It's well worth the effort. While there are no views on Bald Mountain which compare to those from Pisgah or Wheeler, an outcrop of granite at the summit supports an abandoned fire lookout. On a clear day the view from the top of the tower takes in the Presidential Range to the south, the northern White Mountains to the east, the Green Mountains to the west and the mountains of Quebec to the north. It also overlooks lakes Seymour, Memphremagog and, of course, Willoughby.

Haystack Mountain offers the shortest and prettiest climb among the Willoughby peaks. Ferns and mosses peek out from under massive boulders. Red-leaved hobblebush grows abundantly. The sunk winks down at you through birch and ash.

Near the top is South Lookout. It looks out on military history. Straight ahead, just beyond Newark Pond, sits East Mountain, the one with the tower on its summit.

In the late 1950s East Mountain was part of a radar network built to pick up Soviet jets as they flew by. On the shoulder of the mountain a town of modest size was established, and a first-class highway was built to the town and the radar station on its summit.

But no MiG-15's ever made it to Vermont, and the radar station was abandoned. Today, both radar and town are gone, and the highway is reverting to forest, slowly closing a little-known chapter in Vermont's largely unsuccessful history of defense installation. (The history got off on the wrong foot in the 18th century when Congress ordered the construction of the Bayley-Hazen Military Road. It was to be used to launch an attack on the British forces in Canada. Unfortunately, Congress forgot that roads run both ways. The British simply waited until the Bayley-Hazen was complete, then scurried down it and attacked the Yanks.)

Meanwhile, back on Haystack, the next fork in the trail leads to East Lookout, which looks up to Bald Mountain. The patches of dead trees on the west face of Bald are likely examples of the effect of acid rain on red spruce.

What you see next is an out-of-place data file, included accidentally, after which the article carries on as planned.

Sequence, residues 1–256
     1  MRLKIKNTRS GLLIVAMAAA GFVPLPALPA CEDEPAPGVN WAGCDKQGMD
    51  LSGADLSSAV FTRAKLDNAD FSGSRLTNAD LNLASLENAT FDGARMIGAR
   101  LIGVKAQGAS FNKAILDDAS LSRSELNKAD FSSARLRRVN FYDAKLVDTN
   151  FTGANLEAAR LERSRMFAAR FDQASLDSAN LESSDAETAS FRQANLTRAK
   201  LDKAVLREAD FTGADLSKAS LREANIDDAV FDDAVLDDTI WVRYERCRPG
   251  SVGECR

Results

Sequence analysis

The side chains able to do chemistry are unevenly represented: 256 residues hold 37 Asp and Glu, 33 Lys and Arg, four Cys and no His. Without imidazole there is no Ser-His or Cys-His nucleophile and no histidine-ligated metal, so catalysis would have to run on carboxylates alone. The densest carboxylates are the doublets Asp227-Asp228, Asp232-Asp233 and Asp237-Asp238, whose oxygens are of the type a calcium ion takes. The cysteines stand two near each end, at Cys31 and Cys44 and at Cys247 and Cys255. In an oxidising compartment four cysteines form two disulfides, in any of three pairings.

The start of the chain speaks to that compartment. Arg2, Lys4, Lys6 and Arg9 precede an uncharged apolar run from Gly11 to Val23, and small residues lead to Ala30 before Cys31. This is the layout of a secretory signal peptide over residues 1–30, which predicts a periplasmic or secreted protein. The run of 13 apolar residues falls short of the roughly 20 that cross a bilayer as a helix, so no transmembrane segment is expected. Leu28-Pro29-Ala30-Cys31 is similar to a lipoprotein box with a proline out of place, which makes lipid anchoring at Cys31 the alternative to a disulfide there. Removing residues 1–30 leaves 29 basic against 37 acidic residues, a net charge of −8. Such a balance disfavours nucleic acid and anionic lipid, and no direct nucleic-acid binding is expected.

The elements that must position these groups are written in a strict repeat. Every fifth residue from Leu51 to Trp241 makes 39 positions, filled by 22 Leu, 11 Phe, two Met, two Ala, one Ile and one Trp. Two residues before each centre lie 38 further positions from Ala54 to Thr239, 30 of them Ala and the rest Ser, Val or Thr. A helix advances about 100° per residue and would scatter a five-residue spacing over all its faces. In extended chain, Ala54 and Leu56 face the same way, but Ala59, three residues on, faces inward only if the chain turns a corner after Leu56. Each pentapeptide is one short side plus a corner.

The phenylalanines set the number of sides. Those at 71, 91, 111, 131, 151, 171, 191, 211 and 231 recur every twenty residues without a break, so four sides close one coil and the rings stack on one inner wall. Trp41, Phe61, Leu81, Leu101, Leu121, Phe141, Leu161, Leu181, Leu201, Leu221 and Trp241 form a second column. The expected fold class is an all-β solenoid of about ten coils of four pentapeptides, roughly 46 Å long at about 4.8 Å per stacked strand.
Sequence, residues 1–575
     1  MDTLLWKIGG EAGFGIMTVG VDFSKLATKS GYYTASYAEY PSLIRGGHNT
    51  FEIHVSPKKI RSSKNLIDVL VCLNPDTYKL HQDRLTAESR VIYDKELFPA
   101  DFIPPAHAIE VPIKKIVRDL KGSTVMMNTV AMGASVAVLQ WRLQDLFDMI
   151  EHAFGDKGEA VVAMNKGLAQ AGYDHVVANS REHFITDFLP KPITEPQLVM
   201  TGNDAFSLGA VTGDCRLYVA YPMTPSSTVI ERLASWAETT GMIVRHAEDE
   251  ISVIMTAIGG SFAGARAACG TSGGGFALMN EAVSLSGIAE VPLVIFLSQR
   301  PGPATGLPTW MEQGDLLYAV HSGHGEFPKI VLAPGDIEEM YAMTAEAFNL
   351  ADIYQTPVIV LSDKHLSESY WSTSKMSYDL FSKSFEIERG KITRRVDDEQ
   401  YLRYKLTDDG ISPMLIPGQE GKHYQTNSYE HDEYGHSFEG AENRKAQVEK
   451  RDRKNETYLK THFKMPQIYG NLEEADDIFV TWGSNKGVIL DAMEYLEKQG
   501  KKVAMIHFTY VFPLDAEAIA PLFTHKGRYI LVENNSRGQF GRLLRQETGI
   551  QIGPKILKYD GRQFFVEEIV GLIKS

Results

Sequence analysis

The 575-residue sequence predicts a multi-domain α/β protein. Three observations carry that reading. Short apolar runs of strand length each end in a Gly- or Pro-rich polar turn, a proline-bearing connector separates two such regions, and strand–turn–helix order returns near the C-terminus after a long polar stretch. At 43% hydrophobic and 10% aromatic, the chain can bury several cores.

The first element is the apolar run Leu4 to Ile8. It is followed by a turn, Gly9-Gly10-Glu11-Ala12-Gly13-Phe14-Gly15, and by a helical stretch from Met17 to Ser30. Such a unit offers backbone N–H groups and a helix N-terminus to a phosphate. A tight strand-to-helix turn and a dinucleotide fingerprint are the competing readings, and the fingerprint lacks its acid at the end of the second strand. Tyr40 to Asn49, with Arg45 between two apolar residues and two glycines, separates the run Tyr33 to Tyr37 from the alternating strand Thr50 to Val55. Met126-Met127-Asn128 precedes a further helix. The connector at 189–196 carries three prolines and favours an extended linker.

Continue along the trail and you'll reach North Lookout, one of the best water views in Vermont. Immediately below is Long Pond with its almost circular island close to the near shore.

The next body of water is Nigger Pond. We'd better talk about that.

The pond gets its name from the nigger, a hooked logging tool like a peavey. One of these tools was found on the shore, giving the pond its name.

But you wouldn't know that unless you lived nearby. And, not knowing, you might well be affronted by the name. I know the derivation, and I'm still affronted. So I cast one vote for changing the name of this nice little body of water to Peavey Pond. (The Board of Geographic Names, Vermont's official body for naming geographic landmarks, has tried to rename the pond, but the landowner has refused. The new U.S. Geologic Survey topographic maps, printed in the late '80s, have left it unnamed.)

Beyond the pond, the north end of Lake Willoughby sparkles in the sunshine. On the horizon sit Jay Peak and the range leading north to Owl's Head in Canada. On a clear day you can see them all.

If you go . . .

Willoughby Lake is on Route 5A in Westmore, in Vermont's Northeast Kingdom. It's about 80 miles east-northeast of Burlington International Airport and less than a half-hour from Interstate 92 off exits 24-26.

JTC Most trails are maintained by the Trail Committee of the Westmore Association, c/o Mrs. A. Poisson, RFD 1, Barton, Vt. 05822. An exception is the trail from Wheeler Pond to Mount Hor, which is the responsibility of the Appalachian Mountain Club. Free trail maps usually are available in the Westmore General Store.

Temperatures run from mid-90s in summer to minus 35 in winter. Prepare for frequent changes in any season, and don't come at all between April and Memorial Day. Hiking on trails still muddy from melting snow causes too much environmental damage.

Trails range from gentle ascents to precipitous winter ice climbs. In summer, all can be handled by hikers over the age of 12 with no equipment other than a walking stick.

Camping is permitted on state land; regulations are posted at the South Beach parking lot. Two private campgrounds, Will-O-Wood and White Caps, offer hot showers. The Appalachian Mountain Club maintains two huts at the foot of Wheeler Mountain; write Ken Query, Finney Hill, Lyndonville, Vt. 05851. The area also has rental cottages and a newly rebuilt -- and exquisite -- inn, the Willough Vale, for the big splurge dinner and delightful rooms.

Wildlife is abundant and runs from chipmunks to moose, from squirrels to black bears. The lakes are home to smelt, yellow perch, rainbow and brown trout and landlocked salmon.

Three good books on the region are locally available: "A Willoughby Lake Guide," by Norman Atwood; "The Essential Day Hiker's Guide to Vermont," published by the Green Mountain Club; and the interesting "Willoughby Lake Legends and Legacies," by Harriet F. Fisher. "The Essential Day Hiker's Guide" costs $7.50 at bookstores throughout the state and from the club at P.O. Box 889, Montpelier, Vt. 05602. "A Willoughby Lake Guide" costs $12.50, plus $1.50 postage, and can be ordered from the Orleans County Historical Society, Brownington, Vt. 05860.